Login

Thylakoid Membrane in Photosynthesis: Definition, Function & Structure

An error occurred trying to load this video.

Try refreshing the page, or contact customer support.

Coming up next: The Backster Effect

You're on a roll. Keep up the good work!

Take Quiz Watch Next Lesson
 Replay
Your next lesson will play in 10 seconds
  • 0:00 Plant Cell Structure
  • 0:16 Chloroplasts and Thylakoids
  • 0:40 Definition and Function
  • 2:24 Lesson Summary
Add to Add to Add to

Want to watch this again later?

Log in or sign up to add this lesson to a Custom Course.

Login or Sign up

Timeline
Autoplay
Autoplay
Create an account to start this course today
Try it free for 5 days!
Create An Account

Recommended Lessons and Courses for You

Lesson Transcript
Instructor: Jeremy Battista
Inside of plant cells, there are chloroplasts. Inside the chloroplasts are all of the structures that help plants capture and convert light into energy. The thylakoid membrane is where much of this occurs, and we will discuss its role here.

Plant Cell Structure

Plant cells are eukaryotic, meaning that they have a nucleus and membrane-bound organelles. Most of the organelles will resemble those found in other eukaryotic cells. There are some different organelles, though. One of those organelles is the chloroplast.

Chloroplasts and Thylakoids

Inside the chloroplasts of plant cells, you will find stacks of thylakoids called grana. In some plant cells, thylakoids will not always be stacked. As a brief reminder, thylakoids are membrane-bound compartments inside of the chloroplasts. Thylakoids are the epicenter for photosynthetic light-reactions. They contain the chlorophyll for the plant, which is the light-collecting pigment.

Definition and Function of Thylakoid Membrane

The thylakoids themselves contain the chlorophyll, but the thylakoid membrane, which is the layer that surrounds the thylakoid, is where the light reactions take place. Embedded in the thylakoid membrane are two photosystems, named photosystem I and photosystem II. In each photosystem, there are different proteins and slightly different chlorophyll pigments that allow for different kinds of light absorption.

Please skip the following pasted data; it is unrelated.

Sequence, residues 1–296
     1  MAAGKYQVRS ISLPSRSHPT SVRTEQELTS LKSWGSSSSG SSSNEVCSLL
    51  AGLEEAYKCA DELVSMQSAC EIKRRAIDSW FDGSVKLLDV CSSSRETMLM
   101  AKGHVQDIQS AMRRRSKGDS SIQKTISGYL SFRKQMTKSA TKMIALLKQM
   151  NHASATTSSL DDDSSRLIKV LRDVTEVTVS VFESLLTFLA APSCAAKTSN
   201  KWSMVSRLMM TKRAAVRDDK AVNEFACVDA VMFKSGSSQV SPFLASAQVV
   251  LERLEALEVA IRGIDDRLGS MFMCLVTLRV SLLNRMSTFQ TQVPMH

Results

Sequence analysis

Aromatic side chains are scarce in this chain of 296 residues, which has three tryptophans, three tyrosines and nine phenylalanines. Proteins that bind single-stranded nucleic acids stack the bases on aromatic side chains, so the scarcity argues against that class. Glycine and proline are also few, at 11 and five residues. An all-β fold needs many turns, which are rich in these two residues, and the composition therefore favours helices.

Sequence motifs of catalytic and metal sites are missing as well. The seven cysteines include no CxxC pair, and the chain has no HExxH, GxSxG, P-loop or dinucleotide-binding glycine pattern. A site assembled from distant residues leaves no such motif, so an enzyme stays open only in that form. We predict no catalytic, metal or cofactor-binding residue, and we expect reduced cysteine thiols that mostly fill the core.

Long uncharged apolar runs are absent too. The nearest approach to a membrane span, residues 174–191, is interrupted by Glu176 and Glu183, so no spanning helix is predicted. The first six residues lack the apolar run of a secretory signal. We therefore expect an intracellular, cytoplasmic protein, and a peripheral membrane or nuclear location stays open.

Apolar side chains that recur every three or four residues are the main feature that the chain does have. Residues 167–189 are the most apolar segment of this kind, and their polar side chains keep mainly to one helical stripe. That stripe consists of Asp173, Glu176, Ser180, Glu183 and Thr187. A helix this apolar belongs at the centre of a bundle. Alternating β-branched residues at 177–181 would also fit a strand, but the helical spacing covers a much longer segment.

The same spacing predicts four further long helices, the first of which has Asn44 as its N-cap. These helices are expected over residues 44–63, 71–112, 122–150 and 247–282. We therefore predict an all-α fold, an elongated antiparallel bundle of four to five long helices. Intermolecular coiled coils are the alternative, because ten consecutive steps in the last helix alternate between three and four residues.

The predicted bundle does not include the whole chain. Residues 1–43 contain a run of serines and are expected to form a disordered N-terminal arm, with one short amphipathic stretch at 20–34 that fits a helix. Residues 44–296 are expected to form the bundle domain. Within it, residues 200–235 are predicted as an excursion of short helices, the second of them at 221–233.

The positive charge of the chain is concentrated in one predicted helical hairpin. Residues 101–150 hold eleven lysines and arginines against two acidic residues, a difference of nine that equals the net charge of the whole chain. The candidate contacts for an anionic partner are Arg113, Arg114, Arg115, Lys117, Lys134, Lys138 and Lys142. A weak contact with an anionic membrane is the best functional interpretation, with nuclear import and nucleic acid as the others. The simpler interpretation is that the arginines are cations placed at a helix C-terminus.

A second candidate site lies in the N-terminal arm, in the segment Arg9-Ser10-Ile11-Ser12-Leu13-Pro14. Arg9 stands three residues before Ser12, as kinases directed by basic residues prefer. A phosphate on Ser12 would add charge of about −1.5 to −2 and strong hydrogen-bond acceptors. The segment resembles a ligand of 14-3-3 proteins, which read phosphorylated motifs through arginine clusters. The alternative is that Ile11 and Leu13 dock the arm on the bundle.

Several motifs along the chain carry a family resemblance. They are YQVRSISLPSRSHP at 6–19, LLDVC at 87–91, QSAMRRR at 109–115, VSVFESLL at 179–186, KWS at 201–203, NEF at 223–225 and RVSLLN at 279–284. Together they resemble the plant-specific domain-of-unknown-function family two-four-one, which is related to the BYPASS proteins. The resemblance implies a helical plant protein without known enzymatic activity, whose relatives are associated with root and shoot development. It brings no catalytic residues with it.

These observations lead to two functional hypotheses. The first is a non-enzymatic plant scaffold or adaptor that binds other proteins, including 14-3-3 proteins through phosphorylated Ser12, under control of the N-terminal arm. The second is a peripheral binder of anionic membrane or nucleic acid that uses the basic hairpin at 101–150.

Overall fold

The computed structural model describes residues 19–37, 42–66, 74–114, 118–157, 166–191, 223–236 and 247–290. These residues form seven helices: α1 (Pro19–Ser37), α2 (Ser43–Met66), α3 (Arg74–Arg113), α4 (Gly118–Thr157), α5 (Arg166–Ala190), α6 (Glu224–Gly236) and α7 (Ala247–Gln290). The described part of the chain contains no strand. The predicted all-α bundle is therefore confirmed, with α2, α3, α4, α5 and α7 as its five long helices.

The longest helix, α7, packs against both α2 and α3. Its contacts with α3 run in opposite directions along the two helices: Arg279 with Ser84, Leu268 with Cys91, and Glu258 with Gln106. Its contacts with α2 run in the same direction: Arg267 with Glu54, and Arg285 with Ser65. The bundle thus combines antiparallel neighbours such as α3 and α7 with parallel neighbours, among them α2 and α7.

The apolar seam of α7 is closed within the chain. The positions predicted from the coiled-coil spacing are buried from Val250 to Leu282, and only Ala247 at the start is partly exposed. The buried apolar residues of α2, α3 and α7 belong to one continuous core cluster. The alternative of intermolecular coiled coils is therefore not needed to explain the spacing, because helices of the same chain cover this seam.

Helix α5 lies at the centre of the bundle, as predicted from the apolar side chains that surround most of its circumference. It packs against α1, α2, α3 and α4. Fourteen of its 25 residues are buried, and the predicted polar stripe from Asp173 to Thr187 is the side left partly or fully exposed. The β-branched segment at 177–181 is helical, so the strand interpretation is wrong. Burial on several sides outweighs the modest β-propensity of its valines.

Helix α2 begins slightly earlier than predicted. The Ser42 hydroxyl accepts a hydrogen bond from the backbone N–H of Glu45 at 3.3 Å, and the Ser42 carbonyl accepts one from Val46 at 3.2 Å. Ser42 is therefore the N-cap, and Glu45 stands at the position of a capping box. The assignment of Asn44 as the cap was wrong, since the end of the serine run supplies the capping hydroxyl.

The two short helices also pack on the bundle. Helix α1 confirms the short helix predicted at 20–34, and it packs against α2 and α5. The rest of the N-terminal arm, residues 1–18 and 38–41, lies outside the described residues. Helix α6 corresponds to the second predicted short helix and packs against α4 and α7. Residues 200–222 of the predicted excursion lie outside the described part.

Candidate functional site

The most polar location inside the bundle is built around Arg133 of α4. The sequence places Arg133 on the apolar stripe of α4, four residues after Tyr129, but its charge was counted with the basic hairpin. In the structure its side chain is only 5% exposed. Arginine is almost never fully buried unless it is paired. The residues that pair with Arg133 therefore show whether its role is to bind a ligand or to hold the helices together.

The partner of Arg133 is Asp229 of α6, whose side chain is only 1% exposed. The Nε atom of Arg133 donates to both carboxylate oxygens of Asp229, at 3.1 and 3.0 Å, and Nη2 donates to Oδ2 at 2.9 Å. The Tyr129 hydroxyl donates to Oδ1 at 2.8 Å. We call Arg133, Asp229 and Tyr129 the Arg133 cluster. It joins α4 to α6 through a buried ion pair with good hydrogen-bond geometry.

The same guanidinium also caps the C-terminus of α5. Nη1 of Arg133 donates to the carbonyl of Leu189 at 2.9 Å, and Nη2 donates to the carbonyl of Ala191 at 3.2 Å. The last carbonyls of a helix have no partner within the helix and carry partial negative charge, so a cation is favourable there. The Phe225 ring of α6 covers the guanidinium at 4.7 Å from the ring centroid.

Photosystem II absorbs the light energy, exciting (energizing) an electron that takes off into the electron transport chain. It moves along this chain (similar to respiration) and gives off energy as ATP (adenosine triphosphate, which is an energy molecule). It arrives at photosystem I and fills in a hole left by an electron that got excited as well.

The second electron will then shoot up and travel down a similar electron transport chain. When it gets to the end of the chain, it meets ferredoxin, which is just a protein that contains iron. It then goes through a redox, or oxidation/reduction, reaction where it bonds to NADP+, creating a different energy molecule, NADPH, to be used to help run the secondary part of photosynthesis, which is known as the Calvin cycle.

To unlock this lesson you must be a Study.com Member.
Create your account

Register for a free trial

Are you a student or a teacher?
I am a teacher
What is your educational goal?
 Back

Unlock Your Education

See for yourself why 30 million people use Study.com

Become a Study.com member and start learning now.
Become a Member  Back

Earning College Credit

Did you know… We have over 95 college courses that prepare you to earn credit by exam that is accepted by over 2,000 colleges and universities. You can test out of the first two years of college and save thousands off your degree. Anyone can earn credit-by-exam regardless of age or education level.

To learn more, visit our Earning Credit Page

Transferring credit to the school of your choice

Not sure what college you want to attend yet? Study.com has thousands of articles about every imaginable degree, area of study and career path that can help you find the school that's right for you.

Create an account to start this course today
Try it free for 5 days!
Create An Account
Support